Valium is one of the most recognized drugs globally. Suppose used in the treatment of anxiety disorder, muscle spasms, insomnia, and other diseases. Because it can be highly addictive, it is no longer prescribed as a first-line drug.
When someone struggling with Valium addiction stops using it, they experience withdrawal symptoms, which can pose a danger to their health and life.
Physical Dependence and Withdrawal
Physical dependence occurs when one cannot live everyday life without being under the influence of a controlled substance; in this case, Valium. While physical dependency is considered as one of the symptoms of substance addiction, on its own, it is not sufficient to diagnose addiction.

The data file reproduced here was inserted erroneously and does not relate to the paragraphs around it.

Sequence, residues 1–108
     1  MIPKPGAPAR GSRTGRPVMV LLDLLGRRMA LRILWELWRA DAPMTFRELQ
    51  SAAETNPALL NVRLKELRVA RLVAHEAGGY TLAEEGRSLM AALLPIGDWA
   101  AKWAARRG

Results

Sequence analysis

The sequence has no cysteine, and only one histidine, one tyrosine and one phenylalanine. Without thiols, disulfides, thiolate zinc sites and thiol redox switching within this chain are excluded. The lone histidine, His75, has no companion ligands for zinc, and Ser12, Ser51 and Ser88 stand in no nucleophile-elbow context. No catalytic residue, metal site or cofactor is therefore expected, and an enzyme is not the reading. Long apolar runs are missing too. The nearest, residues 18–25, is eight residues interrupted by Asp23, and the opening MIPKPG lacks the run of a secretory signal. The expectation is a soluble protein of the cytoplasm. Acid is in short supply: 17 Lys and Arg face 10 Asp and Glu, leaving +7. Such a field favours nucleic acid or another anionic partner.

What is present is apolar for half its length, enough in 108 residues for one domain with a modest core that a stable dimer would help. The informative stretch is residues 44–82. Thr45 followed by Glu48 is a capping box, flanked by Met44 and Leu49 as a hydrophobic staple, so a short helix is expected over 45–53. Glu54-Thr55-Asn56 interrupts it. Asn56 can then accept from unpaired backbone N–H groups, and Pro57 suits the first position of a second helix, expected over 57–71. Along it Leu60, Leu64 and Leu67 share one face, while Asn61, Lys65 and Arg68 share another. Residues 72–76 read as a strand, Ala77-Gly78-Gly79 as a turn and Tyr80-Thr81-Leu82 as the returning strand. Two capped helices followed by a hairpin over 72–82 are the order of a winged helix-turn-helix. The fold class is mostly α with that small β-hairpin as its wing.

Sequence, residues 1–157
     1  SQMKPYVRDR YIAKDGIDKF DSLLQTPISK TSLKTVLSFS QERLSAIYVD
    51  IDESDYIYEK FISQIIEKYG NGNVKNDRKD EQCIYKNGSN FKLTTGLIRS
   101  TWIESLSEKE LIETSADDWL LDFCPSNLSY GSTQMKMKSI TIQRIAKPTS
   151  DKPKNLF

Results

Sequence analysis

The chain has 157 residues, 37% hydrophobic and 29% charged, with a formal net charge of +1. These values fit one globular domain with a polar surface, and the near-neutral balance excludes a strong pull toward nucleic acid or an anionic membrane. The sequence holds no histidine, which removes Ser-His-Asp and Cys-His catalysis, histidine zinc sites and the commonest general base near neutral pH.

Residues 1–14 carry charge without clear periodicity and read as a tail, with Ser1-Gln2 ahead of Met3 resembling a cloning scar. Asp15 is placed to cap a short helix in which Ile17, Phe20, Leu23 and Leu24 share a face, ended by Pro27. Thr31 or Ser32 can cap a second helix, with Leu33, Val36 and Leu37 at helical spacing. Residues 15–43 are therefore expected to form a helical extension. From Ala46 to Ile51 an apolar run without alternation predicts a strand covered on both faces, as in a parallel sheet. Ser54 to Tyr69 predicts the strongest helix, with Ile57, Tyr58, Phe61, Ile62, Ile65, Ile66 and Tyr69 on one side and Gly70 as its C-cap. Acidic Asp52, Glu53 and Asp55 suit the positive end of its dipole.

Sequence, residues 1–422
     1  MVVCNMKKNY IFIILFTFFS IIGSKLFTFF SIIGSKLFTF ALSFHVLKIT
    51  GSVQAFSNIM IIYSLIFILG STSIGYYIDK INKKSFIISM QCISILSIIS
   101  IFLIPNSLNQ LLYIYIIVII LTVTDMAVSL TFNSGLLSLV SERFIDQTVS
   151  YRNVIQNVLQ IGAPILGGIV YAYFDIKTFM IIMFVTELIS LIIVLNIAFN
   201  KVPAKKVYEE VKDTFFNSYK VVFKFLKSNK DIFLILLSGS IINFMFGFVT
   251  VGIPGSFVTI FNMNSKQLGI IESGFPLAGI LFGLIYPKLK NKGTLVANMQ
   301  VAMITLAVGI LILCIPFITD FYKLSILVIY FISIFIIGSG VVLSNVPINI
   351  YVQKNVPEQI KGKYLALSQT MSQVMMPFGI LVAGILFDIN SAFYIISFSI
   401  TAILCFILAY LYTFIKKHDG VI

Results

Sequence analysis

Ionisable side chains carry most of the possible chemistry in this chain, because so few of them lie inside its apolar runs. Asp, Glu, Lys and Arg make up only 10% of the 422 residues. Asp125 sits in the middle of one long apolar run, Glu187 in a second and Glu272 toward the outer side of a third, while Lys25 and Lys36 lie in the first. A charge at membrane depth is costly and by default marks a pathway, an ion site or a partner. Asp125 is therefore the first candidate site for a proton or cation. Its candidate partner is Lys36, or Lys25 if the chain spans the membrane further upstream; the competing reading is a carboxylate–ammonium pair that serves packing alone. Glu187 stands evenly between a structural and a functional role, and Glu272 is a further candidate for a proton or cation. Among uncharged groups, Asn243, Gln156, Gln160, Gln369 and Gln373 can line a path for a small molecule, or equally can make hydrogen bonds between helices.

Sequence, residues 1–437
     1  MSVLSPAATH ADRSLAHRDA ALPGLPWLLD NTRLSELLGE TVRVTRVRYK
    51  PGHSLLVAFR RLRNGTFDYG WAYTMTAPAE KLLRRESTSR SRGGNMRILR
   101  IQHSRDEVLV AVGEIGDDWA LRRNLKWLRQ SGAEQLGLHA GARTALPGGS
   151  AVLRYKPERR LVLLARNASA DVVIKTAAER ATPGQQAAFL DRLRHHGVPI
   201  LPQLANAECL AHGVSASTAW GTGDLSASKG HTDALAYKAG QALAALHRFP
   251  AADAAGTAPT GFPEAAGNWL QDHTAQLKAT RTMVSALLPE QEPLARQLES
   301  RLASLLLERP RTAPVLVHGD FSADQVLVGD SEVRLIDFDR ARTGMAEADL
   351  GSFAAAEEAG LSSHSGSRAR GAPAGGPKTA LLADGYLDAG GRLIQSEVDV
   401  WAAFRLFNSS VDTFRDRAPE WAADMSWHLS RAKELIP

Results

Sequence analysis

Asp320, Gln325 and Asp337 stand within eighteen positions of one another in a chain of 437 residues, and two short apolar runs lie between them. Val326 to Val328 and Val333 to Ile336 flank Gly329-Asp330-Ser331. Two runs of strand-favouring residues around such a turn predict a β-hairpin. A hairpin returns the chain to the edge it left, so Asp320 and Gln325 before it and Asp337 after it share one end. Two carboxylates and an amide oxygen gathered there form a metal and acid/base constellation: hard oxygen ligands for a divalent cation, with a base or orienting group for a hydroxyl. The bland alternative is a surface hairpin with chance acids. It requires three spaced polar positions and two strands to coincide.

It is possible to use the drug for a lengthy period under a doctor’s supervision without abusing them and developing a dependence on the drug. To be diagnosed as a person struggling with drug addiction, there must be evidence of misuse of the drug for nonmedical purposes.
Withdrawal is what occurs when one abstains from the substance that they have developed a dependency for. However, it is possible to go through withdrawal after prolonged use of Valium even if you are not suffering from addiction.
The withdrawal process is relatively similar in most individuals with a dependency on Valium, but some differences occur based on the individual in question. Withdrawal widely involves two stages identified by the intensity, number, and length of the symptoms.
Stages of Valium Withdrawal